We don’t want to underestimate the utility of establishing a bounded relationship with the warrior’s ethos; attempting to live with at least some nobility in relation to the virtues while aiming at the highest ideal.
There is nothing about it that is trivial or weak. It orients us towards some aim. It takes courage and discipline, which strengthens us and its exactly what we need when facing Ginnungagap: the chaos, darkness, uncertainty, frontier of the utangard in life.
It is this acceptance of facing the unknown and challenges -learning and thus bringing innangard (order) – that defines our warrior’s path.
I’ve asked my self this question many times throughout my life. It’s quite complicated. I think first you have to divorce it from any specific manifestation. In animals the manifestation is in other animals of your species, not some abstraction. But it’s that ability to abstract it that separates us from the animals. It’s those abstraction which becomes principles or virtues.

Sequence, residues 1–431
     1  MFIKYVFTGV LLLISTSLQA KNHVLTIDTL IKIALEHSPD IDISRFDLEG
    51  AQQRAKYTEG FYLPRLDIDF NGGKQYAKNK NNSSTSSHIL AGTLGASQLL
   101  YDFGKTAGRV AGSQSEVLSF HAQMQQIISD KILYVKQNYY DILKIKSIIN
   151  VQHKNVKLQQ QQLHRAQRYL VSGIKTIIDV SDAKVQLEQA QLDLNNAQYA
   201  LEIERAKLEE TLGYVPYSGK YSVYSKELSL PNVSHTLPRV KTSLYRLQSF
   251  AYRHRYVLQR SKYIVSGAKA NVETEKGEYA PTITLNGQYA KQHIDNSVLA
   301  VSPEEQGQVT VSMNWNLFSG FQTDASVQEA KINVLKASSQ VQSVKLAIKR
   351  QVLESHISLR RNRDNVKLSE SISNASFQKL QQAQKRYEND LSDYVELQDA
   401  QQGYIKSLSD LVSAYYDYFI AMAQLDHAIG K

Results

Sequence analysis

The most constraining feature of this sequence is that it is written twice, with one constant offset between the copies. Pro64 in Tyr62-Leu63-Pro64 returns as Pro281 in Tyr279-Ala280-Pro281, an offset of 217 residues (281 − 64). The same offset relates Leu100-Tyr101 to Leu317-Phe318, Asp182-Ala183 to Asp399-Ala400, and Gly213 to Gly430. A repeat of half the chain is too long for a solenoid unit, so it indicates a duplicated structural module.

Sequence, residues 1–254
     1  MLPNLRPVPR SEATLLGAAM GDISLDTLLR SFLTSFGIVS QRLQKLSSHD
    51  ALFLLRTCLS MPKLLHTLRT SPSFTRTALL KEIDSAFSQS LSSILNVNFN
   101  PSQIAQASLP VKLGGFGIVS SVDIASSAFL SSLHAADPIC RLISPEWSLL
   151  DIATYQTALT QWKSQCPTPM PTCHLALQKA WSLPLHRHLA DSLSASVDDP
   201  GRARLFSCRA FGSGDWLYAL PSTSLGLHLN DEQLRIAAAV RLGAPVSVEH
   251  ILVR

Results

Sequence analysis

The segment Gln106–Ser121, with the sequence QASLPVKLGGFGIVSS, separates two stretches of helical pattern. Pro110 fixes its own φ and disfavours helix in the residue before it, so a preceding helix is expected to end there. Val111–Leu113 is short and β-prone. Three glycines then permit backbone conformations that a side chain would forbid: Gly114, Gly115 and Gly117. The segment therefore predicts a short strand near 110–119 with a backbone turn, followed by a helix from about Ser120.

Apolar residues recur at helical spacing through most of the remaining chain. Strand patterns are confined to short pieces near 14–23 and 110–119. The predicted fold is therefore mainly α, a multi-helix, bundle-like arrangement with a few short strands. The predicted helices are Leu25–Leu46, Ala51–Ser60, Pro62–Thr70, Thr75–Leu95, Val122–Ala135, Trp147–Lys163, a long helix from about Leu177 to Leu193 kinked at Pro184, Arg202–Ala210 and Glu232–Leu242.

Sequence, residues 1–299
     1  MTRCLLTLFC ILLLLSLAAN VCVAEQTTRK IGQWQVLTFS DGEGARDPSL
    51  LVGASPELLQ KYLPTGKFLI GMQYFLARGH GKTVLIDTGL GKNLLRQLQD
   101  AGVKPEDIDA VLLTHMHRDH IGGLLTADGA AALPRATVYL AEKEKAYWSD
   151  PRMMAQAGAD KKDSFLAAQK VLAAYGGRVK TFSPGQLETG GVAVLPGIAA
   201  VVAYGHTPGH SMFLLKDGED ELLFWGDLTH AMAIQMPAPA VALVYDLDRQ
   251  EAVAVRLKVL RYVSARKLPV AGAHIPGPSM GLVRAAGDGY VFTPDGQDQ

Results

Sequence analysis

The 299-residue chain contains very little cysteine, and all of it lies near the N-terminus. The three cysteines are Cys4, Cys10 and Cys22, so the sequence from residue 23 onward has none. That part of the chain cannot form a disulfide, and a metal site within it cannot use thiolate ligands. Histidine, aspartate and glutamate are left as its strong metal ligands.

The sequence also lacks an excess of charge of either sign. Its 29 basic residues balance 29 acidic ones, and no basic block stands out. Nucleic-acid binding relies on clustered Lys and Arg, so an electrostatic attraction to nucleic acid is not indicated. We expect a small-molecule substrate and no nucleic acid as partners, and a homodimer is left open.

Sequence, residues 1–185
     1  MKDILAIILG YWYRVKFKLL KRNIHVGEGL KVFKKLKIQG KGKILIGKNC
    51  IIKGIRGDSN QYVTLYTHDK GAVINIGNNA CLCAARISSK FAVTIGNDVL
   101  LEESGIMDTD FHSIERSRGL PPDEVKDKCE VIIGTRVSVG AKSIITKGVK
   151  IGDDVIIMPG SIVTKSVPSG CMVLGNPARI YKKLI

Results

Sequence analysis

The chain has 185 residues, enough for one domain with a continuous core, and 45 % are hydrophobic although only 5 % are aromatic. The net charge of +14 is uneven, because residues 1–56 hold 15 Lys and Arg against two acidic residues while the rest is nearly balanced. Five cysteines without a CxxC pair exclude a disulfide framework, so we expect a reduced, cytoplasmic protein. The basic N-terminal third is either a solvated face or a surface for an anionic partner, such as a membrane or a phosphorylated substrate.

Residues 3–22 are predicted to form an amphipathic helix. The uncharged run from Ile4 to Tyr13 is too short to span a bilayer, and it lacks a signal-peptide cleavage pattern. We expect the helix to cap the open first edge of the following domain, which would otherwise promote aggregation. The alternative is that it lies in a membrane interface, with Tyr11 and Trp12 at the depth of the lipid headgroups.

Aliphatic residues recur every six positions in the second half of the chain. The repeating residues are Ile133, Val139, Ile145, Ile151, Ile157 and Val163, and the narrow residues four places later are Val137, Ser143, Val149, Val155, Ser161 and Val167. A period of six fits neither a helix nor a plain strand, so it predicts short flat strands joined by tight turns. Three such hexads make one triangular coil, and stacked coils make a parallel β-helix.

Through out the centuries we have tried to abstract out the core of the guiding principles of any given path and put them into a pattern of being.
That’s ok because we are trying to figure out the essence of what it means to pull out those core principles of what the path means to be a functional being within that role.
But in order to figure it out we first need an embodiment that encompasses those ideas of what they mean that is separate from us. This is where the great hero’s of myth come from and it allows us to act out that embodiment.
Any philosophical or principle abstraction must first manifest itself as a concert pattern of behavior that is characteristic of a single individual. Then that becomes a set of individuals. It’s then it can be abstracted from the individual or individuals leaving us with the abstractions that becomes principles and/or virtues.
However never confuse the specific manifestation with the principles/virtues of the path. In this way we always remain subordinate to the path itself.